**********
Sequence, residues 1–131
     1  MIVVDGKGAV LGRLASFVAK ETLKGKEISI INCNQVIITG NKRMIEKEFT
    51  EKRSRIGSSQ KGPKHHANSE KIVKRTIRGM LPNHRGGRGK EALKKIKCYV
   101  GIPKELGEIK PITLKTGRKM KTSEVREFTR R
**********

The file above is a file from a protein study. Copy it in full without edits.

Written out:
Sequence, residues 1–131
     1  MIVVDGKGAV LGRLASFVAK ETLKGKEISI INCNQVIITG NKRMIEKEFT
    51  EKRSRIGSSQ KGPKHHANSE KIVKRTIRGM LPNHRGGRGK EALKKIKCYV
   101  GIPKELGEIK PITLKTGRKM KTSEVREFTR R